Noisy neighbours

Noisy neighbours can ruin what would otherwise be an idyllic and peaceful garden but what, if anything can be done to restore peace and tranquillity?

When can noisy neighbours become a nuisance?

The law expects us to tolerate a certain level of irritation and inconvenience as we go about our daily lives. However, where the conduct of a person “substantially” interferes with our lives their conduct may amount to a nuisance.

There are 2 types of nuisance, a “private nuisance” and a “public nuisance”.

A private nuisance is a continuous, unlawful and indirect interference with the use or enjoyment of land, or of some right over or connected with the land.

A public nuisance is an unlawful act or omission which endangers or interferes with the lives, comfort, property or common rights of the public. There are a number of pieces of legislation which deal with particular types of public nuisance. Where a nuisance is created under a piece of legislation it is referred to as a “statutory nuisance”.

What action can be taken in relation to a noisy neighbour?

In many instances a friendly chat with the neighbour will resolve the problem. Quite often they won’t even realise how noisy they are being. If the neighbour rents his property, it may be worth speaking to their landlord about the problem if it persists. It may also be possible to resolve the matter through mediation and many local authorities provide a mediation service for such purposes.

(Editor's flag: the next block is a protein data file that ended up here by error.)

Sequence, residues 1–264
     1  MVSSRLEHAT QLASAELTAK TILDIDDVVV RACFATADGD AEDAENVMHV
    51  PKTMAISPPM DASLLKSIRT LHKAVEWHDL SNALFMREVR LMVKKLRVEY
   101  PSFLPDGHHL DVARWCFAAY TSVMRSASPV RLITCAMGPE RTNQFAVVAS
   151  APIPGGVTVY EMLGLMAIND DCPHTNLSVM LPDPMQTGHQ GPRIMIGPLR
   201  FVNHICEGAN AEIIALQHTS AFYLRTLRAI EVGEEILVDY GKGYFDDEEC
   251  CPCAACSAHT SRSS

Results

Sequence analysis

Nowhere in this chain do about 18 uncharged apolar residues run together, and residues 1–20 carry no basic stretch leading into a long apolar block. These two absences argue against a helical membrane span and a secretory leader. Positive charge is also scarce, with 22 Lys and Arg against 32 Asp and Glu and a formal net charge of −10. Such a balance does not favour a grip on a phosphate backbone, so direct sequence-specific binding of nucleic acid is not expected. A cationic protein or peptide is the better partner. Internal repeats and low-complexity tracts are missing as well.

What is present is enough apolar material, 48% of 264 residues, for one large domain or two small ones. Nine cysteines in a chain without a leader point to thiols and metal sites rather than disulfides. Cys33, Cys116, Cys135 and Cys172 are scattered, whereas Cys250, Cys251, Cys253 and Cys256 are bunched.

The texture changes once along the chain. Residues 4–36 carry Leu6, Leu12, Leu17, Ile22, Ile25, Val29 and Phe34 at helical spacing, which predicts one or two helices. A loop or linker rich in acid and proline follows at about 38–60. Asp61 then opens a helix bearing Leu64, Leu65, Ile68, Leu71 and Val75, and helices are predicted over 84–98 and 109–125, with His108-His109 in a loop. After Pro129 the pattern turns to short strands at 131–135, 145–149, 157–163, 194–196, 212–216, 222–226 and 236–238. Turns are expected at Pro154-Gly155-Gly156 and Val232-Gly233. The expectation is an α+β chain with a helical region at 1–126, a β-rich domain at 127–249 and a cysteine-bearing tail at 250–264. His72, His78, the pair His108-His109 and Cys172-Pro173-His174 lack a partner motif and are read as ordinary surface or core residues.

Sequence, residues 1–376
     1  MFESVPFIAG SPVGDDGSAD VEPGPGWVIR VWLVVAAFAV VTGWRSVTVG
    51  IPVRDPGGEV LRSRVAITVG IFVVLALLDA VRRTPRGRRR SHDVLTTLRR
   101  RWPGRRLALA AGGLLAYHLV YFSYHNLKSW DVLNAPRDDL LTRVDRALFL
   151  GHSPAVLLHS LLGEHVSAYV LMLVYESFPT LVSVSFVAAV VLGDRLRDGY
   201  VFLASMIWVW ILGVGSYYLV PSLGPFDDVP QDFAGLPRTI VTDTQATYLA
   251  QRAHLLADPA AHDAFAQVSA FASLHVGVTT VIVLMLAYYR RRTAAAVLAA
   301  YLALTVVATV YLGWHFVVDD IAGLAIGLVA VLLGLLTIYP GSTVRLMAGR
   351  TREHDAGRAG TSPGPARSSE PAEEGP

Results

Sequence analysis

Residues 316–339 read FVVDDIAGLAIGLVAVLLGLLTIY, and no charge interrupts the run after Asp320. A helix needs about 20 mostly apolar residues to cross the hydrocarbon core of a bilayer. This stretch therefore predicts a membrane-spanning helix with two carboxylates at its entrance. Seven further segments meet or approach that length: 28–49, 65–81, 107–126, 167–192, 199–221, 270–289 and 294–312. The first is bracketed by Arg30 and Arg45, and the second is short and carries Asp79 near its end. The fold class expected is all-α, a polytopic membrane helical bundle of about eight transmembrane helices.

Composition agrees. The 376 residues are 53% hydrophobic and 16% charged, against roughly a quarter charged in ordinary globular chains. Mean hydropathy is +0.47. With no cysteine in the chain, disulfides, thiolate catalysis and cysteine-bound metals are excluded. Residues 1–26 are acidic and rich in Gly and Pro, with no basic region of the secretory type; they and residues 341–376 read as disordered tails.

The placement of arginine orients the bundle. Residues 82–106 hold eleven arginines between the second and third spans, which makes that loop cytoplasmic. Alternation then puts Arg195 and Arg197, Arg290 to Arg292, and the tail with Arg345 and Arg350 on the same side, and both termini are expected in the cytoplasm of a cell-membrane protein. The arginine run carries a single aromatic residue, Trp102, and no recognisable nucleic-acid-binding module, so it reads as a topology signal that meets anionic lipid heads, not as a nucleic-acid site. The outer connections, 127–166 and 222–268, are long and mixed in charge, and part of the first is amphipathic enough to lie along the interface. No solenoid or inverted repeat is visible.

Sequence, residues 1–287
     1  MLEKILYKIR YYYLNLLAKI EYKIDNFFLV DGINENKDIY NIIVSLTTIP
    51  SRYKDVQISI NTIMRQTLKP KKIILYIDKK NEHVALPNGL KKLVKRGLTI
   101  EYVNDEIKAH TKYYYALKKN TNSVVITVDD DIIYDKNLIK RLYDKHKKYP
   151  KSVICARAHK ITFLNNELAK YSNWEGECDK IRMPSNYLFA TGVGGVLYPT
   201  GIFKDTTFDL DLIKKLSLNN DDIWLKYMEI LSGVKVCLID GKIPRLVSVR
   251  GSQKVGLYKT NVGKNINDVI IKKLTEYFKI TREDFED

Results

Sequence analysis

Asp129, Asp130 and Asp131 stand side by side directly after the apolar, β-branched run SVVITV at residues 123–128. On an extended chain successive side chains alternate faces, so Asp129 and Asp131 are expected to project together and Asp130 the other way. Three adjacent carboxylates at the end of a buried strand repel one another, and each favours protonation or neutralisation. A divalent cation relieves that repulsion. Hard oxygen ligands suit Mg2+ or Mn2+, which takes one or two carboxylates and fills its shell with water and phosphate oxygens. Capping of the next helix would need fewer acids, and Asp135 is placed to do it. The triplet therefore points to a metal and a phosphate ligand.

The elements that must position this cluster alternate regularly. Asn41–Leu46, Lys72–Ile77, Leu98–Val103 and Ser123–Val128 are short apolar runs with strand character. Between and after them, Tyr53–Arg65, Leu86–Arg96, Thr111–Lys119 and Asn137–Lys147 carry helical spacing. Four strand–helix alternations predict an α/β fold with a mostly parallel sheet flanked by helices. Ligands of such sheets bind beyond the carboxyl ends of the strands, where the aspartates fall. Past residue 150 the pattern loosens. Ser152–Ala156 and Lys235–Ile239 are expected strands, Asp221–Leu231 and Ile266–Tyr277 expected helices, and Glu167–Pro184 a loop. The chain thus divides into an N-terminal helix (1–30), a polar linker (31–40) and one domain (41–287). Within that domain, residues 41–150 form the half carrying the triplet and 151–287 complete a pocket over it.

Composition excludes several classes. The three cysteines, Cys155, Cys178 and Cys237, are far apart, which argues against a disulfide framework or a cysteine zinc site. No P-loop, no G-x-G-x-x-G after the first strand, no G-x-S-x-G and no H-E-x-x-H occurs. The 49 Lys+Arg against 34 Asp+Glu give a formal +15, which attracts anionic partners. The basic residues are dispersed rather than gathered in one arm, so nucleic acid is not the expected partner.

If the problem cannot be resolved informally or through mediation it may be necessary to pursue the matter by way of Court proceedings. In the case of statutory nuisances the matter can also be pursued by way of making a complaint to the environmental health department of a local authority.

The Environmental Protection Act 1990

Under the Environmental Protection Act 1990 (as amended) the following acts, amongst other things, constitute “statutory nuisances”:

  • noise emitted from premises so as to be prejudicial to health or a nuisance;

  • noise that is prejudicial to health or a nuisance and is emitted from or caused by a vehicle, machinery or equipment in a street.

There are exceptions, however for noise caused by aircraft (other than model aircraft) and for noise made by traffic, naval, military and air forces and for noise made by political demonstrations and demonstrations supporting or opposing causes and campaigns.

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For more information on:

  • The Noise Act 1996
  • Evidence of the nuisance